I was supposed to run the Backside Loop today, but I just haven't developed a love of running that long. I suck at run long. I'm much better, relatively, in suffering for limited period of time - like an hour or so. Real athletes work their weaknesses and that fact that I have so much trouble doing this says a lot about my mediocrity. I put off running until I deemed it was too late to risk the private property on the Backside Loop and resigned myself to just running the Old Mesa Loop. As penance for not running long, I vowed to run hard.
My goal for the summer was to break 90 minutes on the 10-mile, 2000-feet-of-climbing loop. I had PRed on the Green Mountain Loop last Wednesday so I figured I had a shot. Now the 5000 feet of climbing I did while riding 55 miles in the mountains yesterday probably wasn't the best final preparation to run at your limit, but, despite trying to solve this problem for decades, I still cannot change what is in the past. In some respects it was a bonus: I already had a great excuse if I fell flat. Sweet.
I love stats and numbers and splits and check data on runs and hikes and rides at a frequency that tends to annoy anyone that happens to accompany me. Maybe that's why I do these things alone so often... Hmmm, food for thought. Anyway, for this effort I decided to not look at my watch very often. I think the only way for me to run a PR effort on this long of a run is to run by feel for the first 3.6 miles - the long gradual, opening climb. I need to make it to that summit feeling pretty relaxed, working hard, of course, but well within myself. There will be plenty of time to suffer but pacing is so key at this distance. I could run all-out and be on record pace at the top of this climb, but there is no point in that since I'd just detonate myself.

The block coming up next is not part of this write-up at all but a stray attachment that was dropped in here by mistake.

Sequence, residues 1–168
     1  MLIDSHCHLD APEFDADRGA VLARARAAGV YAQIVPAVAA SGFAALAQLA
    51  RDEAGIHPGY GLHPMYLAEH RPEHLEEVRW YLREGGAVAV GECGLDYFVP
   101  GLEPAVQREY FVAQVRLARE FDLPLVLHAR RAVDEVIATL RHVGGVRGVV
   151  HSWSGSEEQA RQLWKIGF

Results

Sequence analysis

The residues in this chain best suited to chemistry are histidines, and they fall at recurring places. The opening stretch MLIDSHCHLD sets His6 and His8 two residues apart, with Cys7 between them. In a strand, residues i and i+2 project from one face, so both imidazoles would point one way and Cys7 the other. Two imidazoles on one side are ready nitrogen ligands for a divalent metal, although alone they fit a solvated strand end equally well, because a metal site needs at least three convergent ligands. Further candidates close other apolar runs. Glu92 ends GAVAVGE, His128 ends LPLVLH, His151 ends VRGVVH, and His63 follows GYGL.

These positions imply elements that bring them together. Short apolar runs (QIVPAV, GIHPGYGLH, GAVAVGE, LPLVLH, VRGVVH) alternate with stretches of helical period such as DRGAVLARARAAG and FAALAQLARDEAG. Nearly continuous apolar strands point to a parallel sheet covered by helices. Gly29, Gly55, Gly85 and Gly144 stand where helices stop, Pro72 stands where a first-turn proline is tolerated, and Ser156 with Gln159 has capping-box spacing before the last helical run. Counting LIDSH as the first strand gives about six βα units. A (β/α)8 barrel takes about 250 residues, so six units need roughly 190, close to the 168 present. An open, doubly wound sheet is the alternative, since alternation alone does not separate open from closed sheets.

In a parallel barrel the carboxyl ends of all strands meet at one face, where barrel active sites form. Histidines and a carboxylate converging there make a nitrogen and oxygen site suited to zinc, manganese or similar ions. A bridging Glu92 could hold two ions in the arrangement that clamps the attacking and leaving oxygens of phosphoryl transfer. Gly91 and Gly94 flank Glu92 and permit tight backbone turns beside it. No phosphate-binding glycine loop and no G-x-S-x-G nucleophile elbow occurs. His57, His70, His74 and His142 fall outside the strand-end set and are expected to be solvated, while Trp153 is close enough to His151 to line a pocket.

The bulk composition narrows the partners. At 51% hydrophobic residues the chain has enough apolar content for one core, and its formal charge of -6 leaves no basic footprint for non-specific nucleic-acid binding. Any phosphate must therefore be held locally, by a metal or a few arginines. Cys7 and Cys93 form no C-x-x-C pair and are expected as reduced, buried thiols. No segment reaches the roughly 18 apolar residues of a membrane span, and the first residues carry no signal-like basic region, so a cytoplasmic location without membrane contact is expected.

I made the top of the climb in 34:40, which I was pretty sure was on record pace. I really tried to run hard from here on the descent to the Fowler Trail and the flatish mile into Eldorado Canyon and then really tried to flow down the long, smooth hill. The descent on the road allowed me to run at 6:32 6th mile. The 7th mile, on the brutal Old Mesa Trail climb, was slow at 15:42, but I was still trying to stay somewhat comfortable. This paced allowed me to finish with miles of 9:27 (anything under 10 minutes for this mile is quite good), 7:04 and 6:56 for a PR of 1:29:31! I'd broken 90 minutes and 9 minute/mile average for the first times.
At the top of the Bluestem Trail my watch said 1:17:20 - I had 12:40 to finish under 90 minutes. I knew it was possible, but would be very difficult. I pushed as hard as I dared through the technical sections and as hard as my heart would allow on the smoother sections. I had to make the junction with the Mesa Trail under 1:25 or it was over. I didn't bother to look at my watch until then and I didn't hold back at all. If I was going too fast to sustain, it didn't matter because at that point it was all or nothing for sub-90.
Nearly blowing up, I hit the Mesa Trail and checked the watch: 1:24:01. It was in the bag. It wasn't trivial to finish in under 6 minutes from there, but it was slower than I had been going. I relaxed a bit, out of necessity somewhat but also to ease the pain. I didn't have it in me physically or mentally to try for sub 1:29. I still ran hard, though.
My best time ever for the Old Mesa mile is 14:29 (1:13 faster than I went today), but I followed that with a 10:15 mile (48 seconds slower than today) and preceded it with a 6:56 mile (34 seconds slower than today). I still have to walk for about 5 or more minutes of the Old Mesa, near the top, but there is probably no getting around that for me.